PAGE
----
Guide for Indian business visitors
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Guide for Indian business visitors

The Embassy welcomes visits by Indian exporters and businessmen to Mexico. When a visit to Mexico is planned, it is advisable to inform the Embassy well in advance so that the visit can be planned suitably. The Embassy can then provide lists of important Mexican importers/dealers of particular products, as well as other large Mexican companies so that useful contacts can be made with them prior to the visit. In addition the Embassy can provide useful statistical information on specific products. For its part, the Embassy requests that exporters give a short briefing on their activities in Mexico before returning to India.

An important factor while interacting with Mexican businessmen is knowledge of Spanish. Spanish is the most spoken language in this country although most businessmen can speak English as well. Interpretation services are available and can be hired at a cost. Also, we would advise that enquiries or other correspondence to the Mexican companies should be made in Spanish. Information brochures and company profiles should also be printed in Spanish using translation services in India.

Mexican holidays
While planning a visit to Mexico, it is important to take into account the national holidays. A list of Embassy holidays is given on the website. Dates for important Mexican Holidays should be checked in advance, also from the Mexican Embassy in New Delhi at: Mexicans are most often not available during festivities. Business visits to Mexico should be avoided on these holidays as well as a couple of days before and after.

General safety in Mexico is comparatively reasonable. The drug related violence generally do not affect the usual city life. However, petty street crime is common and extra vigilance should be taken in order to reduce the risk. Passport and wallet should be carried carefully as there many cases of snatching and pick-pocketing.

Hotels in Mexico are generally good and reasonably priced. Services provided by them are of normal international standard. All international credit cards are accepted mostly.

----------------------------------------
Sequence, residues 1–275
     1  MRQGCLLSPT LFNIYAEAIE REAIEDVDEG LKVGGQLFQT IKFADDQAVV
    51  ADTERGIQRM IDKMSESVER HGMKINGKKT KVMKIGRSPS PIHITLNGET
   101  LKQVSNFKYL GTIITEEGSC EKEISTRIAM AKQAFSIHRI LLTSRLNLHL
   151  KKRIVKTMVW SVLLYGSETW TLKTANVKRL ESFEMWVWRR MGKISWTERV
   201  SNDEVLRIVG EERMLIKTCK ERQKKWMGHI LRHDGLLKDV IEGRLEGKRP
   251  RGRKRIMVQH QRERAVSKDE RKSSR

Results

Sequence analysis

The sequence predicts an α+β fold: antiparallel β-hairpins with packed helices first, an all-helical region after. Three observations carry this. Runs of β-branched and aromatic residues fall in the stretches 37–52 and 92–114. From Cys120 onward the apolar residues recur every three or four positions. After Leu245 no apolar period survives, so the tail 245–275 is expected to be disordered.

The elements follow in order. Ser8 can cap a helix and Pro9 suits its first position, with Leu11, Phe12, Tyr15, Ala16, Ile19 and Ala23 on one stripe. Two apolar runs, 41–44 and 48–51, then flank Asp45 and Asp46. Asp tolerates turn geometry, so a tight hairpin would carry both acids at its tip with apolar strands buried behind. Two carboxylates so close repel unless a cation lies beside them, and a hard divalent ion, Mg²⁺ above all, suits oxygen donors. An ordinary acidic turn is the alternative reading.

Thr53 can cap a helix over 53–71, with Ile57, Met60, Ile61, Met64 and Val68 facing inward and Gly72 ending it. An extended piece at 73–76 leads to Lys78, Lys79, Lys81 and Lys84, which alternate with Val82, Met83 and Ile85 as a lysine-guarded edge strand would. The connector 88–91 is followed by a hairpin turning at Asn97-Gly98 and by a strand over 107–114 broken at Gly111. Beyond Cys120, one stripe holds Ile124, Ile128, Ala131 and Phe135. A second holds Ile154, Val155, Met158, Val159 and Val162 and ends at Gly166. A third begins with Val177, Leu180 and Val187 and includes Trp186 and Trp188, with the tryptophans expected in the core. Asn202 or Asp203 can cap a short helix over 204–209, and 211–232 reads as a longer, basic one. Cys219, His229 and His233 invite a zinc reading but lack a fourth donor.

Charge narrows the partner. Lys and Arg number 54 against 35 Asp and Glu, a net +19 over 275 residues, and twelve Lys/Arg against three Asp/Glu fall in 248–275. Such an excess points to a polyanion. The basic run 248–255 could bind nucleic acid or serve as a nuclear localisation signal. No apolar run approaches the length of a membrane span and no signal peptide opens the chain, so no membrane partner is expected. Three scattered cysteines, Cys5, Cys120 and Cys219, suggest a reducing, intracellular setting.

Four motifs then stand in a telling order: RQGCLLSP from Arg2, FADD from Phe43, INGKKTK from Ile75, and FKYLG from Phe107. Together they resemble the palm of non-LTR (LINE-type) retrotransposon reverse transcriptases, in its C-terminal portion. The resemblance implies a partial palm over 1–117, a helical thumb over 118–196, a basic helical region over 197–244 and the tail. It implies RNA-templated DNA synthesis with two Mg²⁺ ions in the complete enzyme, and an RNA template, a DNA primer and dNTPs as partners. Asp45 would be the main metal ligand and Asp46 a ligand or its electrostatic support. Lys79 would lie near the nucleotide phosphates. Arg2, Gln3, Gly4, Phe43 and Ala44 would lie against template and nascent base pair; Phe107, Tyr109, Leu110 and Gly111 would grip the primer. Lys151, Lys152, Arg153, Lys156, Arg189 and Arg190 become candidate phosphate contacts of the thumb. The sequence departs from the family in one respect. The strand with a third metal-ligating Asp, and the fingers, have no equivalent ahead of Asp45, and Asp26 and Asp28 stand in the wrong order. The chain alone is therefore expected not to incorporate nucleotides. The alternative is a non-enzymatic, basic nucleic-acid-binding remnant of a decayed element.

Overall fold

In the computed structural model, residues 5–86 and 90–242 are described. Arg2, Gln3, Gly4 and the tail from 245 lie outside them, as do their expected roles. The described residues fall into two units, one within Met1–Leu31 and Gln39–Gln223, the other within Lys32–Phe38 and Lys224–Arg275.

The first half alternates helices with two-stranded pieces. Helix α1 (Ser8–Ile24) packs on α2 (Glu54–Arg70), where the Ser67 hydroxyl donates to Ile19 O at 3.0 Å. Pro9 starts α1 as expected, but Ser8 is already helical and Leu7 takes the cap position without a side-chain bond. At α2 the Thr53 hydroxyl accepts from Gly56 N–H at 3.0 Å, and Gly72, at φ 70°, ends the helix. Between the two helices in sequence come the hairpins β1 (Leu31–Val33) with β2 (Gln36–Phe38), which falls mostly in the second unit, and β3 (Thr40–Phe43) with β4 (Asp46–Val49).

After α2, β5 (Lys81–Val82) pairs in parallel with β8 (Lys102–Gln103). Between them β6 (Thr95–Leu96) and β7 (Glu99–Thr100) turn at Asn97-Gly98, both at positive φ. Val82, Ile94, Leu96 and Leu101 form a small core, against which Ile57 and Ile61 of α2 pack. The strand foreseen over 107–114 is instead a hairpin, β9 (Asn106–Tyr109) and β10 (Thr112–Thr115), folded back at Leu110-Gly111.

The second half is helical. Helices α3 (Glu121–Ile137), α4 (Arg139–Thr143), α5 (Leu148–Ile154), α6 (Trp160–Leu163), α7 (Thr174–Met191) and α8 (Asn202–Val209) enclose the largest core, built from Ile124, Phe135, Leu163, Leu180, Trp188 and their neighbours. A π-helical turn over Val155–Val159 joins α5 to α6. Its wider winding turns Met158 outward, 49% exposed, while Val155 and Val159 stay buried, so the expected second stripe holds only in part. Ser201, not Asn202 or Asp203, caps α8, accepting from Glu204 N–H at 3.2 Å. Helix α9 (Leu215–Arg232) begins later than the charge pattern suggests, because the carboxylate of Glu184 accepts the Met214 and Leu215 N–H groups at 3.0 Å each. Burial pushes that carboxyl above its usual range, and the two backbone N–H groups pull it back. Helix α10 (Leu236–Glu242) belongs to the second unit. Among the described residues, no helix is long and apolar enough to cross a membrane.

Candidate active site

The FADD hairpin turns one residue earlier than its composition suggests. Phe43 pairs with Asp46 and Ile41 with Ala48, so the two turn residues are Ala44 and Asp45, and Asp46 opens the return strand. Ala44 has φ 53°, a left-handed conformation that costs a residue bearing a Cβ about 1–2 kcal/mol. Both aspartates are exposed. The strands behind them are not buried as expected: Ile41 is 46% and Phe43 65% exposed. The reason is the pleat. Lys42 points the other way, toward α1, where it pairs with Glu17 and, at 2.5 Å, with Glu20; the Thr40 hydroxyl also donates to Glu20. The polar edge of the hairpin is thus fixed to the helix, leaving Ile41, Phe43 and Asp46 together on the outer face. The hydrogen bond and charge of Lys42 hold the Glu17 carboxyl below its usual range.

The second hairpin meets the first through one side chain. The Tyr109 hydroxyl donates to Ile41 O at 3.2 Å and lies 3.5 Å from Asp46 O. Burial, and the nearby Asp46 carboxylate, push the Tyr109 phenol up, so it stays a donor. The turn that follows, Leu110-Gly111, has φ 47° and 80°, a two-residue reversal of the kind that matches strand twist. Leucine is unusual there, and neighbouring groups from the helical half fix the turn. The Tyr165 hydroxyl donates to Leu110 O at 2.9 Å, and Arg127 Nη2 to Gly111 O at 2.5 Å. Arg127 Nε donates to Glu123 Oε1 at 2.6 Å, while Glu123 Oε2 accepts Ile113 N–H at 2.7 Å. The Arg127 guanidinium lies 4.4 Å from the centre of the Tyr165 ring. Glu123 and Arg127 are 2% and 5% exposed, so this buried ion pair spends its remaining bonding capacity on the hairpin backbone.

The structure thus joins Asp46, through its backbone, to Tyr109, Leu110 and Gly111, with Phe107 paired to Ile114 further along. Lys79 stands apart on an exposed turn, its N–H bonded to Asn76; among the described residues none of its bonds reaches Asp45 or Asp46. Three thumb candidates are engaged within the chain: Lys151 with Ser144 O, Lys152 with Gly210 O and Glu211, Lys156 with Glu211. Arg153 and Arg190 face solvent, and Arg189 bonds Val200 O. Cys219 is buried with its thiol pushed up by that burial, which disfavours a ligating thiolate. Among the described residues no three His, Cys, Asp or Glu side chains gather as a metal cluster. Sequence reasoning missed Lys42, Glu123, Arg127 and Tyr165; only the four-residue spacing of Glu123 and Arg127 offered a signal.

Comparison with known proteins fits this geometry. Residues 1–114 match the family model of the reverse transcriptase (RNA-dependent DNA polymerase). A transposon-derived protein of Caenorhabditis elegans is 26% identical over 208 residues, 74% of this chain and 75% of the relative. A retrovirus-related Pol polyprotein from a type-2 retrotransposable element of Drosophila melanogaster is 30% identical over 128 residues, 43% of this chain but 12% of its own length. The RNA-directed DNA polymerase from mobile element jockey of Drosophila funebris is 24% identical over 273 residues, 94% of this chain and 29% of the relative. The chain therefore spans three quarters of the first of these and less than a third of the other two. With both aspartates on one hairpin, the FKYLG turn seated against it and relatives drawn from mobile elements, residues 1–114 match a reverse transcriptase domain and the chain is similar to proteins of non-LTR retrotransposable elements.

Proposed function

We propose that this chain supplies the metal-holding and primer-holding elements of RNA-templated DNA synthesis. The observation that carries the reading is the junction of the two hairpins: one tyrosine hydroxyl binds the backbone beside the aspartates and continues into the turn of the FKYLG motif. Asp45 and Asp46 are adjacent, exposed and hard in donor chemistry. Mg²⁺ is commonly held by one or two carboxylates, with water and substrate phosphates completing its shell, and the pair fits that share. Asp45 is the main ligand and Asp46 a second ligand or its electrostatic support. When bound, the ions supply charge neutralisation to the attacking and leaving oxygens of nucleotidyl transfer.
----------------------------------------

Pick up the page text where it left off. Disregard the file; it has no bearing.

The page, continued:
Mexico uses the Mexican pesos as the nationally acceptable currency, however, US Dollars is also accepted in some places (especially in Cancun and Los Cabos). Conversion of US Dollars to Pesos and vice-versa is very liberal. The current Exchange rates of Mexican currency (pesos) vis-à-vis major international currencies are given at:

Local transport
Taxis are available in abundance and are not so expensive. The subway (Metro) is one of the best ways to move around in Mexico City: it's cheap (MXN5 for a ticket as of June 2017), safe, has a large network and is extremely fast, compared to any on-street transportation, since it doesn't have to bear with the constant traffic jams. The train system is almost non-existent and trips outside Mexico City should be made by air or by comfortable luxury buses.

 Mexico City has a large number of restaurants which suit all pockets and palates. Notable Indian restaurants are Bukhara (Centro Historico), Dawat (Polanco) and Hindustan (Polanco) restaurants.

The climate varies across Mexico's vast landscape. In the northernmost area of the Baja Peninsula, on the Pacific coast, the climate is Mediterranean, whereas the climate is arid on the other side of the peninsula, facing the Sea of Cortez. As you go south on the Baja Peninsula, the climate changes to become a subtropical sub-arid/semi-arid climate, until you reach La Paz and Cabo, which has a unique tropical desert climate. On the mainland, the northern area of Mexico tends to be mountainous and chilly, and the lower areas have an arid climate. A tropical climate prevails from around the Tampico area down to Cancun, as well as the adjacent side on the Pacific.

Other information
The electric current in Mexico is 110-120V volts but at 60 hz (US type A plug). As far as drinking water is concerned, one should avoid tap water and instead consume bottled water, which is available in abundance. A business visit to Mexico City can be combined with a half-day pleasure trip to Teotihuacan, the ruins of an Aztec city about 100 km north-east of Mexico City.